After taking awhile to come around to the idea that Bill Cosby could plausibly be guilty of raping the multiple women who’ve accused him, Whoopi Goldberg appears to be a bit more enlightened.
Whoopi initially defended Cosby on The View last year, stating, “This is my opinion and in America, still, I know it’s a shock, we’re actually innocent until proven guilty. He has not been proven.” This, despite the growing number of women who came forward with stories of Cosby’s alleged sexual assault. In a later episode, Whoopi had a surprisingly rational change of heart—“I gotta say, all of the information that’s out there kinda points to guilt,” she said.
When asked about her “provocative opinion” on Cosby in an interview with The New York Times Magazine—and whether the same innocence logic applies to Roger Ailes—Whoopi cites social media as a perpetuator of so-called guilt culture. “I used to think that ‘innocent until proven guilty’ was the American way. But now social media makes that decision for you,” says Whoopi. “People are at a disadvantage in a way that they weren’t before; you don’t really seem to be able to have your own opinion about something.”
There’s truth in the statement, though Whoopi seems to be saying she’s only abandoned the idea of “innocent until proven guilty” because social media made her do it. She adds, “I believe strongly that we should always encourage women to say something, so that if it’s true, you can prove it and get somebody off the street, and if it’s not, clear them and move on.”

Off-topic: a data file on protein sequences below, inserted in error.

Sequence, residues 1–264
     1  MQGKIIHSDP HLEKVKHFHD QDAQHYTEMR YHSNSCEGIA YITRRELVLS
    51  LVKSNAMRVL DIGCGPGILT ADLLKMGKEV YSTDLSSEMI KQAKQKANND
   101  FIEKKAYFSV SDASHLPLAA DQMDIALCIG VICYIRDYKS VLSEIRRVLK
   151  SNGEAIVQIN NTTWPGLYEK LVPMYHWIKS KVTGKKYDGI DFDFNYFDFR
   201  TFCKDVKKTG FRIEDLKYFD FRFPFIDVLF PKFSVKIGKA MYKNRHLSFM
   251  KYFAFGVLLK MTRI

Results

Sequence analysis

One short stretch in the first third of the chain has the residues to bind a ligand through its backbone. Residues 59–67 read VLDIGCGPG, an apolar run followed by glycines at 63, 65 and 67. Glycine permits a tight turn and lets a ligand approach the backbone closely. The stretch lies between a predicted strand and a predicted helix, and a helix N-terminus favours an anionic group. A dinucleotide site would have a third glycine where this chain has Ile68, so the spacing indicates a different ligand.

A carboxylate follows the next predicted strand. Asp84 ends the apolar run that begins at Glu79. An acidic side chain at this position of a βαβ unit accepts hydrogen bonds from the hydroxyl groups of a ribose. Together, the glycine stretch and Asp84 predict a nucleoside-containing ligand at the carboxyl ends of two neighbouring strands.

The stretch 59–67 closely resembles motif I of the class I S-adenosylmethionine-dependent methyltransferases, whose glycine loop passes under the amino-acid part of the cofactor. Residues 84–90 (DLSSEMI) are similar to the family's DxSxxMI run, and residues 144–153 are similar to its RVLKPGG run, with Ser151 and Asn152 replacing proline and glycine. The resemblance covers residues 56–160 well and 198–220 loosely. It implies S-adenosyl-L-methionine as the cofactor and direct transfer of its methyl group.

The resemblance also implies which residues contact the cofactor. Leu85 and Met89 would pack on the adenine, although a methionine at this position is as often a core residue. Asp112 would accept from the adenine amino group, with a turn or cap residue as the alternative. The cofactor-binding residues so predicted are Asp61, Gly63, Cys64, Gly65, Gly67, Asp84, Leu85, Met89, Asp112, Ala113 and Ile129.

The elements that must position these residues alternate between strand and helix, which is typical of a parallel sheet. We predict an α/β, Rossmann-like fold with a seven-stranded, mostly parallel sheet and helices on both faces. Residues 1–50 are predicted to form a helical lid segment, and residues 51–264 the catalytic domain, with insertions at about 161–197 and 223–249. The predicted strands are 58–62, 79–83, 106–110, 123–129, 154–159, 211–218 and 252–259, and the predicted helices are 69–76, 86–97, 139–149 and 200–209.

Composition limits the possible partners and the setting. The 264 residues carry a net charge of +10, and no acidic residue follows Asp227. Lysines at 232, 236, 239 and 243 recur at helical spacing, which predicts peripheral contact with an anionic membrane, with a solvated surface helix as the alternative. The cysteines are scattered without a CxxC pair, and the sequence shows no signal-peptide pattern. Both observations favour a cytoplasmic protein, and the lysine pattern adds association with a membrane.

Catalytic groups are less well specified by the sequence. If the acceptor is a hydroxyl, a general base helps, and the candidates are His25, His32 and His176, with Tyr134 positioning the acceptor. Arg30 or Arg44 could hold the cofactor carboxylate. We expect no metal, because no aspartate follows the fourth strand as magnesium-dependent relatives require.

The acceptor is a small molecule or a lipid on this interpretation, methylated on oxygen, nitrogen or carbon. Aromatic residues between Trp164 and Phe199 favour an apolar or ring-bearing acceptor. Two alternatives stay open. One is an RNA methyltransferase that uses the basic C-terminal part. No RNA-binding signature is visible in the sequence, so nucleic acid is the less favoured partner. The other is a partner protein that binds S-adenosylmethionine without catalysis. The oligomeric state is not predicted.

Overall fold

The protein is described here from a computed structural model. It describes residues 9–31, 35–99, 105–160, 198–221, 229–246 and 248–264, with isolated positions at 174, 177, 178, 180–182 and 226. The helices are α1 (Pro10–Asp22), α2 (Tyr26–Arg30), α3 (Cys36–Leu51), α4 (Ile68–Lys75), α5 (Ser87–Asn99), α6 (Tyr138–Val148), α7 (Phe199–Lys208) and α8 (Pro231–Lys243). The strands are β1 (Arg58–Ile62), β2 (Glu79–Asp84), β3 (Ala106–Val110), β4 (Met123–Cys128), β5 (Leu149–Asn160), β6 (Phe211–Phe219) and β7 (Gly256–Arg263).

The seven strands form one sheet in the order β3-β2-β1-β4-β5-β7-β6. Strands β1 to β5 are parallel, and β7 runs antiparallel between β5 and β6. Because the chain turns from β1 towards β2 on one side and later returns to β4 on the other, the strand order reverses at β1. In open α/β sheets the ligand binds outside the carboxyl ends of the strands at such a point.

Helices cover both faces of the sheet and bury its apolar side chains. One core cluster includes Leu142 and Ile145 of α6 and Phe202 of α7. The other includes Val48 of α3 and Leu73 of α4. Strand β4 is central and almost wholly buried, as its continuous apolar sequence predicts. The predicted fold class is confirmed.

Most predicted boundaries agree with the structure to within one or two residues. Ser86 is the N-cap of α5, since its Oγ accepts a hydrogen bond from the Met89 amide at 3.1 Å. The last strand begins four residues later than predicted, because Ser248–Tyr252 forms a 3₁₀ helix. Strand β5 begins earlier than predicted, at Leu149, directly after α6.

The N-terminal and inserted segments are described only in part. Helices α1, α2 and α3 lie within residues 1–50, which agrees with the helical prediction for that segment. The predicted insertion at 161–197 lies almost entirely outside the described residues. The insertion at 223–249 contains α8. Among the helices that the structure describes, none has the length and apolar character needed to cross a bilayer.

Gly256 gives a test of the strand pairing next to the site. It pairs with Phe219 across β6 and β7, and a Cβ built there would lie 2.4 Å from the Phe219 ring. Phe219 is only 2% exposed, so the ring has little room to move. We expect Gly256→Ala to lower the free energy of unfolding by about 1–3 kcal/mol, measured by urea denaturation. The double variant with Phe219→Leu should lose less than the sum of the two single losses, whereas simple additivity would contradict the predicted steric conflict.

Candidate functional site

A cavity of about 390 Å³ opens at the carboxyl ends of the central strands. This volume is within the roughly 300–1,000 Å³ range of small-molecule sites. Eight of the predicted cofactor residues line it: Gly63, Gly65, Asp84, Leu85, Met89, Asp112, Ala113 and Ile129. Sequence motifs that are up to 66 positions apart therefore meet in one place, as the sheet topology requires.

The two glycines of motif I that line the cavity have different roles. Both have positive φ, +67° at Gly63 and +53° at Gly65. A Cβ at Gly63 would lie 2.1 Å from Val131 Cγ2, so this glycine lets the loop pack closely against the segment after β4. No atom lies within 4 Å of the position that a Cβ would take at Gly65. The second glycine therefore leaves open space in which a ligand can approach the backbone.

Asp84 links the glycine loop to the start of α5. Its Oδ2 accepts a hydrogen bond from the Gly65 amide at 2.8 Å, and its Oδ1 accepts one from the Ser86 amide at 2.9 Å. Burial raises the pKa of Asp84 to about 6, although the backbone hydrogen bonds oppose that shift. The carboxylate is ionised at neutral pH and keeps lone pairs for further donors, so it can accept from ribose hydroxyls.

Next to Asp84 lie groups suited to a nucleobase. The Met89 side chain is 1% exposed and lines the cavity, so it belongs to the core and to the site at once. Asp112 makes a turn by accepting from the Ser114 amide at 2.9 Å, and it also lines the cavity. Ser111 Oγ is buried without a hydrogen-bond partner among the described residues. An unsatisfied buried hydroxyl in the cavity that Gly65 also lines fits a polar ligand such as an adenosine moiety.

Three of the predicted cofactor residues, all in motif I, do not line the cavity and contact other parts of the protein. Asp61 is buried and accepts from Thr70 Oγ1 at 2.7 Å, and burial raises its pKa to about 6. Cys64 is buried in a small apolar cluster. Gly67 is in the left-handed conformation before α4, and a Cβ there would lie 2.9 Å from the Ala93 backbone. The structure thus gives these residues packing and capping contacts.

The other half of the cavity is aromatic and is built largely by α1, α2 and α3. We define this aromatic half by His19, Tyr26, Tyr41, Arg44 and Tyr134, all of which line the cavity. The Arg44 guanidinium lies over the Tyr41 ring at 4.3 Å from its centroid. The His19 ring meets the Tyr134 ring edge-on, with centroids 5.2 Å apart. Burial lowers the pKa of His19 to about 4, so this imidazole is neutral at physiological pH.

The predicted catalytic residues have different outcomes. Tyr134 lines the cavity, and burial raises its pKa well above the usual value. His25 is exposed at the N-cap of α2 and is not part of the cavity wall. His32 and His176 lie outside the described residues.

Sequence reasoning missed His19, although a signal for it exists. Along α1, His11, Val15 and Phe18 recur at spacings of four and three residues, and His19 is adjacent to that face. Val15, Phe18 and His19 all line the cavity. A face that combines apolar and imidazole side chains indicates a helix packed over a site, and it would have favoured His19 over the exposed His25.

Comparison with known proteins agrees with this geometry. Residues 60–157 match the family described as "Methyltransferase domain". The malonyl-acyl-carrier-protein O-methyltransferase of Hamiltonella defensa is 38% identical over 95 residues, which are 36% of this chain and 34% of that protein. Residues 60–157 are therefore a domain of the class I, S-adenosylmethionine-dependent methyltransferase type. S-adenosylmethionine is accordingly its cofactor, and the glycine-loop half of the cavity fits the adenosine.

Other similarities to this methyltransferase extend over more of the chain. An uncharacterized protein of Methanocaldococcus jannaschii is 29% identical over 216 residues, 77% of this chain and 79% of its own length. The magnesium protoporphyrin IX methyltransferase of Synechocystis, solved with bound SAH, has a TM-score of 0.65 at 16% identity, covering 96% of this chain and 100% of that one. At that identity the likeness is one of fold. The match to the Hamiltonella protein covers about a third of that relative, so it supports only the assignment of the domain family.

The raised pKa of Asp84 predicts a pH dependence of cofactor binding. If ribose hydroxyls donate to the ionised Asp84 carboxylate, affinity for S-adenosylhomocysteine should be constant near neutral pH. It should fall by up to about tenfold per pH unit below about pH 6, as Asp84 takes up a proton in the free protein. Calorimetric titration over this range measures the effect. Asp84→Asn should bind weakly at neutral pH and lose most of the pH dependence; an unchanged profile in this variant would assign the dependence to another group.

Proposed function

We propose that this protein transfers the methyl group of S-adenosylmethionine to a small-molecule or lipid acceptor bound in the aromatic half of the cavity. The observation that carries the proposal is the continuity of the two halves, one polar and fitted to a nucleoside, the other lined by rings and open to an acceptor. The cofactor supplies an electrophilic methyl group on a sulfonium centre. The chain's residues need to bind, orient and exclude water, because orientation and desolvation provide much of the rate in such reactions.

The conversation continues with the writer, Ana Marie Cox, thankfully pointing out the nuance to Whoopi that the “innocent until proven guilty” rationale fails in cases of rape given that victims get stuck with the burden of proof:
But you have to balance the notion of “innocent until proven guilty” against a bias that we’ve had as a culture to not believe women, right? Look at it from this standpoint: You have the kids, the former Duke lacrosse players, who were sort of raked over the coals, and it turned out they were innocent. You want to make sure you’ve got the right people, so that if you’ve got ’em, you got ’em for good.
I think part of the reason that causes an uproar is that for every time someone’s proven innocent, you have a woman who then is afraid to come forward because she thinks she’s not going to be believed. Well, that’s why it’s important for people to say, Listen, it’s up to us to help you, whichever direction it is. But everybody has to figure out where they stand on “innocent until proven guilty.”
Good to know that even as Whoopi is slowly coming around to the world of logic, she’s still as stubborn as ever.